2
$\begingroup$

Was going through how Implied Volatility is used by option traders and in delta hedging. Correct me if I am wrong, doesn't IV consider a standard deviation of the stock price over say the past 1 year? Now as far as I remember, we do not consider standard deviation for non stationery time series. If this is so, isn't IV flawed? Or there is a more elegant method out there?

Thanks and Cheers!! Cryptex

$\endgroup$
6
$\begingroup$

No.

Implied volatility isn't a historical measure of standard deviation. Implied volatility is used to relate a market price to some model, be that Black-Scholes or something more sophisticated.

Another way to phrase it, implied vol is that single vol input into a model, such that the model reproduces the market prices. Different models will have different implied vols.

And even in the Black-Scholes model, the volatility isn't a measure of the standard deviation of the stock price. It's a measure of the standard deviation of the log-return of price.

Consider Geometric Brownian Motion for a stock price: $dS_t = \mu S_t dt + \sigma S_t dW_t $. The distribution of $\ln \frac{S_t}{S_0}$ is $N(\mu-\frac{\sigma^2}{2}, \sigma^2 t)$, where $N(.)$ is the Normal distribution. In other words, over $t=1$ year, the standard deviation of the log-return of the stock is $\sigma$.

In contrast, the standard deviation of the stock price over 1 year is given by $S_0 e^\mu \sqrt{e^{\sigma^2} -1 }$. This quantity looks nothing like the implied vol you are deriving from market option prices.

A final comment: nothing about implied vol calculation is dependent on "the past 1 year". It's strictly a forward-looking concept. Look up Markov property on Wikipedia.

$\endgroup$
2
$\begingroup$

A pithy way to put it is "implied volatility is the wrong number to put in the wrong formula to get the right price." That is, implied volatility is by definition the parameter $\sigma$ to plug into the Black-Scholes option pricing formula to get the market price of a vanilla option. This is called "volatility," but in reality it isn't the same as the result of any historical volatility calculation; hence its the "wrong number." The Black-Scholes model is a vastly simplified model that does not reflect the true complexities of the market; hence "wrong formula." But everyone knows the conventions, so implied volatility gives a correct way to quote option prices.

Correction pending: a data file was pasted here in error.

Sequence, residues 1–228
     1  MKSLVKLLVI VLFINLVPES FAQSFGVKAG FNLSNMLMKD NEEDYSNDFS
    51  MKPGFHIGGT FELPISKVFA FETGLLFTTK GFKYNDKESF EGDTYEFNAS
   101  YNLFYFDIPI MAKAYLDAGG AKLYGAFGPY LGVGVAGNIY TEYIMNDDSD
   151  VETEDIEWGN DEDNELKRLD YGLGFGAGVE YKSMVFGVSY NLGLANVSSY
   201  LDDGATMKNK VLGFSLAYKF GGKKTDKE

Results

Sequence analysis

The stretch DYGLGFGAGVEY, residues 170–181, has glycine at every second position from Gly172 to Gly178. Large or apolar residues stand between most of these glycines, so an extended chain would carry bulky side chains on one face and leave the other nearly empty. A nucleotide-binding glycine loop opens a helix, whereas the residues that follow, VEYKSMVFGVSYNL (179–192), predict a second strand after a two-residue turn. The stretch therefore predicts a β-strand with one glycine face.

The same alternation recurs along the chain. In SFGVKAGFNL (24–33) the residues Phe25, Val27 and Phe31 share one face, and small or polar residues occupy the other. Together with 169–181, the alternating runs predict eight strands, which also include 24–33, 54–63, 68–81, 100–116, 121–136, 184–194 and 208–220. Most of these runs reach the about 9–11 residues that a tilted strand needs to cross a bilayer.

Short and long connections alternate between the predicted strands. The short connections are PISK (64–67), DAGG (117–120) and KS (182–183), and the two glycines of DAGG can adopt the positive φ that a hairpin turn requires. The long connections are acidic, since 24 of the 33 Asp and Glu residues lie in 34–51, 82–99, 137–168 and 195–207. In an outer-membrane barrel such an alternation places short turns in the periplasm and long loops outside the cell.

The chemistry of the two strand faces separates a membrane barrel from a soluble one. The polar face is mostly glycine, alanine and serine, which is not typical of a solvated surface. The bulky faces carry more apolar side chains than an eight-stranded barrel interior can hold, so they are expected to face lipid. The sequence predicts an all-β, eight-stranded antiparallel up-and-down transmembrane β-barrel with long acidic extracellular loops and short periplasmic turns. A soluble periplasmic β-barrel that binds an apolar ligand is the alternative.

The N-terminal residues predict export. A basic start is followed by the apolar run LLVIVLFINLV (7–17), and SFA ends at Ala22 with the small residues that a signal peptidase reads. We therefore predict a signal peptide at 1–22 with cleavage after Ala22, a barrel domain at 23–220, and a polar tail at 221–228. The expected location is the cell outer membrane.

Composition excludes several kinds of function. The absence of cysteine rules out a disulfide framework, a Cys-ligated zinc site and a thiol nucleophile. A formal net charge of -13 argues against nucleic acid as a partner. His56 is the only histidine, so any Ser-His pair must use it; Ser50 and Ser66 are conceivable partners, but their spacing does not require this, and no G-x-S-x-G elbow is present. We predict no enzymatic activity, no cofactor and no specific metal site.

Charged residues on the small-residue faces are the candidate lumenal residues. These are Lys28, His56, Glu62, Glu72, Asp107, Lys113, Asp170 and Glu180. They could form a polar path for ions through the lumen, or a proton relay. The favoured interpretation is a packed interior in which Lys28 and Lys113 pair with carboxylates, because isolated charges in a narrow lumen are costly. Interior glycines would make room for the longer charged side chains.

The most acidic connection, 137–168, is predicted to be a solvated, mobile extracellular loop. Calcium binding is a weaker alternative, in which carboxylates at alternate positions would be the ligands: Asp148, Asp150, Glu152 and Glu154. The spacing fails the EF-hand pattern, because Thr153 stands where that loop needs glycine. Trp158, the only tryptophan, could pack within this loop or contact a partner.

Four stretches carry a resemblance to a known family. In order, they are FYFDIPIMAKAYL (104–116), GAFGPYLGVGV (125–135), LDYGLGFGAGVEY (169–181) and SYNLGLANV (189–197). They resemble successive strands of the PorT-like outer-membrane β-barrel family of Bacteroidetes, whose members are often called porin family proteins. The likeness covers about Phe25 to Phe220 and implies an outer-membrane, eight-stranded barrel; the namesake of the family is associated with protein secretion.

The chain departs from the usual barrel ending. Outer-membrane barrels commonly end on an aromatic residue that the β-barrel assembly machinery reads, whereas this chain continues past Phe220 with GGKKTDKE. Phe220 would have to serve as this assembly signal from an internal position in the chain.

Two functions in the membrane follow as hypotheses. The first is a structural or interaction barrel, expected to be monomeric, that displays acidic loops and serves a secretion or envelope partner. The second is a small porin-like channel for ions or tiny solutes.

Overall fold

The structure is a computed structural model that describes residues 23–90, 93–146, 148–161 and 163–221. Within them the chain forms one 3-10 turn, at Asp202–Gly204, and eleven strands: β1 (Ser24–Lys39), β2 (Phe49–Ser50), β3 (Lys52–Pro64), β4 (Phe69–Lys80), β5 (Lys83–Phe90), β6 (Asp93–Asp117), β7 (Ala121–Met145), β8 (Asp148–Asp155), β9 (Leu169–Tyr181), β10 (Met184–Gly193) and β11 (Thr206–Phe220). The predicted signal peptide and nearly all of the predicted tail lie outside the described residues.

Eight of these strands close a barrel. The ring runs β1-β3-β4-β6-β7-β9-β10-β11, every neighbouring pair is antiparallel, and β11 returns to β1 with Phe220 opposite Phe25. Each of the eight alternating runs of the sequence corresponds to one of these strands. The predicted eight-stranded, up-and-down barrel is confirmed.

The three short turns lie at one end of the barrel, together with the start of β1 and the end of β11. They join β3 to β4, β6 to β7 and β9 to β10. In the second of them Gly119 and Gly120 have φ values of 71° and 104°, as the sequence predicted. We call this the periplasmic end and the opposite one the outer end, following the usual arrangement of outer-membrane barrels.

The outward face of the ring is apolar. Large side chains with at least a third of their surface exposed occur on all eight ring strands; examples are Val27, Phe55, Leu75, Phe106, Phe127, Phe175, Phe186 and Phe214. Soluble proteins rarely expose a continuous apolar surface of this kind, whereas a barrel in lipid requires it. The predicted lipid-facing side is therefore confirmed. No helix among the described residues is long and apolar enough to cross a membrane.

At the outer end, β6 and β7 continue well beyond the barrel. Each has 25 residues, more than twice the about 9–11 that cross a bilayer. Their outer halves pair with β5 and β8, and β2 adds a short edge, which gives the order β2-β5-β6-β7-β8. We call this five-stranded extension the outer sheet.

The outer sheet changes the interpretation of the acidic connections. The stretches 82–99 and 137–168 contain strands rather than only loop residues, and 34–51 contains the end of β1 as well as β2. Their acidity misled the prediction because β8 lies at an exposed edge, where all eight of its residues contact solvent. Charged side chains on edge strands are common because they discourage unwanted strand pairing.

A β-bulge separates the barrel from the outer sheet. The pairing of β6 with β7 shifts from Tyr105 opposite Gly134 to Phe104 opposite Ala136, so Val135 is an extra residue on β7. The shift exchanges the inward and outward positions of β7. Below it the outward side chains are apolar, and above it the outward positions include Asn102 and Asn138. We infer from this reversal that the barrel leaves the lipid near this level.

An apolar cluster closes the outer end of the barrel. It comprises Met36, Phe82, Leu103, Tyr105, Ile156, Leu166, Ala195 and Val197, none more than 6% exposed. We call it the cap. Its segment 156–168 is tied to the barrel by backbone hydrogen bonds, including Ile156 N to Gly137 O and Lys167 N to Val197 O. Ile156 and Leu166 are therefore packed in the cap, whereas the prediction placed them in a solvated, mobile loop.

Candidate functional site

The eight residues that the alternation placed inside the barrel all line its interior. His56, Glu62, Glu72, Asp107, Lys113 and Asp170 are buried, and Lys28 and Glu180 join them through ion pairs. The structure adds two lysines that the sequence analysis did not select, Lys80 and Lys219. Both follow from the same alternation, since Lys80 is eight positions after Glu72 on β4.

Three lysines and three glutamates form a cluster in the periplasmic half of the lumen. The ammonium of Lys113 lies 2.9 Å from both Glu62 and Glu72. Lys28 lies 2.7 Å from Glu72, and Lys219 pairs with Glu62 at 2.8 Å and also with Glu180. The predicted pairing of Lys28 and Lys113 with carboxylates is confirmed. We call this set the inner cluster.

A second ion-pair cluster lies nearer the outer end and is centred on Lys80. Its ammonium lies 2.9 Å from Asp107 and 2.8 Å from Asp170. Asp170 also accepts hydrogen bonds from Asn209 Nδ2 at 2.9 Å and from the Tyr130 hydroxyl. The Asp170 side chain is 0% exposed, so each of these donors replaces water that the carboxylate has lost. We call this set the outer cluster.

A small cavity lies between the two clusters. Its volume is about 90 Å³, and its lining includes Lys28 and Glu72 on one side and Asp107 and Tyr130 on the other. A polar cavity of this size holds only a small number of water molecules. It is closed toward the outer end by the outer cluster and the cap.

$\endgroup$
0
$\begingroup$

The variables going into IV are not reliable, and in Black-Scholes there are so many flaws that anything derived from it, including IV, is unreliable as well. This is well-known as a flaw. IV is only an estimate. However, it is based on the fixed underlying and option values today, and these will change in the future. So IV does not measure future volatility in any sense. The commonly held belief is that "volatility leads price" but in fact, it is the other way around: "Price leads volatility. Thus, historical volatility is the only reliable method for understanding the evolving risk in a particular option contract.

$\endgroup$
  • $\begingroup$ "The variables going into IV are not reliable". The option price, strike, maturity date, and interest rate are not reliable? $\endgroup$ – Alex C Aug 10 '16 at 0:54
  • $\begingroup$ The unreliable variables include assumed fixed volatility, risk-free interest rate, and assumption that today's prices can be used to predict future pricing. Fischer Black himself wrote an article listing 9 flaws in the original B-S model. It is worth looking up. Title was "The Holes in Black Scholes" by F. Black. Link at risk.net/digital_assets/5955/The_holes_in_Black-Scholes.pdf $\endgroup$ – Michael Thomsett Aug 10 '16 at 3:35

Your Answer

By clicking “Post Your Answer”, you agree to our terms of service, privacy policy and cookie policy

Not the answer you're looking for? Browse other questions tagged or ask your own question.